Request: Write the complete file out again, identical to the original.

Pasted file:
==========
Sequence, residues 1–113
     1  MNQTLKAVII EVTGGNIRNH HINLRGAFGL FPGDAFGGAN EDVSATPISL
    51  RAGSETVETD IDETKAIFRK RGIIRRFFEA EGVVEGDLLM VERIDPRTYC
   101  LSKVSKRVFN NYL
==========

Sequence, residues 1–113
     1  MNQTLKAVII EVTGGNIRNH HINLRGAFGL FPGDAFGGAN EDVSATPISL
    51  RAGSETVETD IDETKAIFRK RGIIRRFFEA EGVVEGDLLM VERIDPRTYC
   101  LSKVSKRVFN NYL